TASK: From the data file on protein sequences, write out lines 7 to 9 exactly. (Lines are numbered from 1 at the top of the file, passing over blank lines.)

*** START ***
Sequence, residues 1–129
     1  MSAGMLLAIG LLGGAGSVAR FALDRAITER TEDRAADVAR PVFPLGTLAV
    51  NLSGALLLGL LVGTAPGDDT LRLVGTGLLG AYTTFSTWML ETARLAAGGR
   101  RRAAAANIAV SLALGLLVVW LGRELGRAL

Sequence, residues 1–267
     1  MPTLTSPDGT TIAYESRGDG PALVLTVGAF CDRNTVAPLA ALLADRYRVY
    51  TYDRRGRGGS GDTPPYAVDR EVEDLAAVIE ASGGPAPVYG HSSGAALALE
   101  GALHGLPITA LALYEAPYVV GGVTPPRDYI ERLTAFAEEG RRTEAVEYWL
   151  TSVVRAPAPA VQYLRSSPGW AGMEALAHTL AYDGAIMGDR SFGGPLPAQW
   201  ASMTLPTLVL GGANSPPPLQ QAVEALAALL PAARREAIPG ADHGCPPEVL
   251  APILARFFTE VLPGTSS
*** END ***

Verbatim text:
    51  TYDRRGRGGS GDTPPYAVDR EVEDLAAVIE ASGGPAPVYG HSSGAALALE
   101  GALHGLPITA LALYEAPYVV GGVTPPRDYI ERLTAFAEEG RRTEAVEYWL
   151  TSVVRAPAPA VQYLRSSPGW AGMEALAHTL AYDGAIMGDR SFGGPLPAQW